The electric supply for the new chargers was also queried, as to whether the grid capacity was fit for purpose. In response, it was noted that other forms of power supply, through solar and hydro electric were under consideration. The strategy is expected to be a ‘living’ document, with more developments in EV charging technology expected as the rollout progresses. For example, an on street EV charging solution has not been decided upon yet, with proposals to be considered at a later date. Through the strategy monitoring, progress updates will be provided to monitor delivery and whether it is meeting expectations.
Councillor Bryn Griffiths welcomed the report, noting that public car parks in market towns required an adequate supply of chargers for both residents and visitors. He also highlighted working with those managing business parks, retail parks and industrial estates to install charging points, in order to support businesses and achieve larger scale developments. The planning policy for new homes and businesses would also be important to drive the growth of EV chargers.
Barrie Mason responded that the strategy planned to create residents’ charging hubs that are easily accessible, combined with high targets for measuring public satisfaction set to help in delivering high quality infrastructure. It was noted that one of the key parts of the charge point roll out will be engagement with the local community, to make the choice to switch to an electric vehicle a realistic one.
Councillor Griffiths also noted that this was a good opportunity to work with town and parish councils to build networks of chargers in more rural areas across the county. On standards for new developments, Councillor Duncan highlighted point 9 of the priority action areas around the enabling role of the council to raise awareness of the amended Building Regulations for delivering EVCPs and developing ambitious EVCP standards.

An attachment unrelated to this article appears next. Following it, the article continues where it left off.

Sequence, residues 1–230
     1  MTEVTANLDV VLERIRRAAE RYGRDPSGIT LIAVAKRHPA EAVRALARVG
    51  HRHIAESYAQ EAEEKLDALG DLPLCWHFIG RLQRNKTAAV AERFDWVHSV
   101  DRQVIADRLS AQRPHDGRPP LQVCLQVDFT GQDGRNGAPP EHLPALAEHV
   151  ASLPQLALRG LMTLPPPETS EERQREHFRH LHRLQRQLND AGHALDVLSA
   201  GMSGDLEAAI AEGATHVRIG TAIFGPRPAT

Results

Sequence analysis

Councillor Paul Haslam sought reassurance about the distribution network operator (DNO) and the capacity of the electricity grid to cope, as well as whether it is planned that the EVCP locations will be in close proximity to sub stations.
In response, Richard Flinton spoke about a recent visit from the National Infrastructure Commission, with the current constraints of the electricity grid raised as part of this. Representatives from Northern Powergrid and local businesses in attendance and it was noted that the Council is lobbying hard and engaging with partners.
Councillor Haslam noted that he felt the return on investment and social investment could be considered more as part of the strategy. This would assist in providing measures to track the progress of the roll out against.
Resolved – That Executive agrees:
i) To note the update on the North Yorkshire Council EV public Charging Infrastructure Rollout Strategy following public consultation NYC – 2 May 2023 - Executive North Yorkshire Council Electric Vehicle Public Charging Infrastructure Rollout Strategy
ii) To approve the EV Rollout Public Charging Infrastructure Strategy, including a concessionary delivery model for EVCP rollout subject to any legal requirements identified by the Assistant Chief Executive (Legal and Democratic Services)
iii) To the publication of the 2020 EV Charging Deployment Study and the 2022 EV Rollout Public Charging Infrastructure Strategy on the NYC website.